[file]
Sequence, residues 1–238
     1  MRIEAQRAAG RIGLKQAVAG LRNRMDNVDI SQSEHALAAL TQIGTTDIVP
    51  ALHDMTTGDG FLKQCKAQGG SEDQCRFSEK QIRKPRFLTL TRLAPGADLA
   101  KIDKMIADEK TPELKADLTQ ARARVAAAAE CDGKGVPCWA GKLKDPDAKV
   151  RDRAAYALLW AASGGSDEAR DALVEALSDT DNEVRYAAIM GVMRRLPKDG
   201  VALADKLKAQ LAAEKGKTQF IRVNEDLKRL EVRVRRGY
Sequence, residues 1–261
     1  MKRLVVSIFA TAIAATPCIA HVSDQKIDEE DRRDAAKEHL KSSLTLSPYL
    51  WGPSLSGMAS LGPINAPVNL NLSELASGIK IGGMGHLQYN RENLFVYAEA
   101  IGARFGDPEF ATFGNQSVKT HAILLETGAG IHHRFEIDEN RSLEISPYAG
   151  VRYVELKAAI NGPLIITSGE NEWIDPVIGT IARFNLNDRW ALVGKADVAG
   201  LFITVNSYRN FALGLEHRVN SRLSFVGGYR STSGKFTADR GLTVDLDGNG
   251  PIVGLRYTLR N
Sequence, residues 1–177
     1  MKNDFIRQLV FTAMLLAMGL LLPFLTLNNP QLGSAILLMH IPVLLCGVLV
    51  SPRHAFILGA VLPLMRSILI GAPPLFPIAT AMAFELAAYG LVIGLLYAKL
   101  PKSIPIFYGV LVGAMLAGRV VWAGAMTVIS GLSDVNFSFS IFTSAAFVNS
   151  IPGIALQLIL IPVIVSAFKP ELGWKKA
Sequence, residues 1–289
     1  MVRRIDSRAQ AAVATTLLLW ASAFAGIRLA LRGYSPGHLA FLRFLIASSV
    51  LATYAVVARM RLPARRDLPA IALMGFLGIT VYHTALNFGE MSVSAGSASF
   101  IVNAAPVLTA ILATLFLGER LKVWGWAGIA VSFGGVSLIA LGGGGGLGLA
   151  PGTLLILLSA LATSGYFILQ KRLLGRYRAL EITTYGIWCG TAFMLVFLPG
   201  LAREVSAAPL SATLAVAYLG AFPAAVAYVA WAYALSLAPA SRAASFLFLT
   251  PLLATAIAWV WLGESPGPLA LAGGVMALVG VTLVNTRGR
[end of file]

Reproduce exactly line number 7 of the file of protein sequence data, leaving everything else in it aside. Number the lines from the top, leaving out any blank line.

Sequence, residues 1–261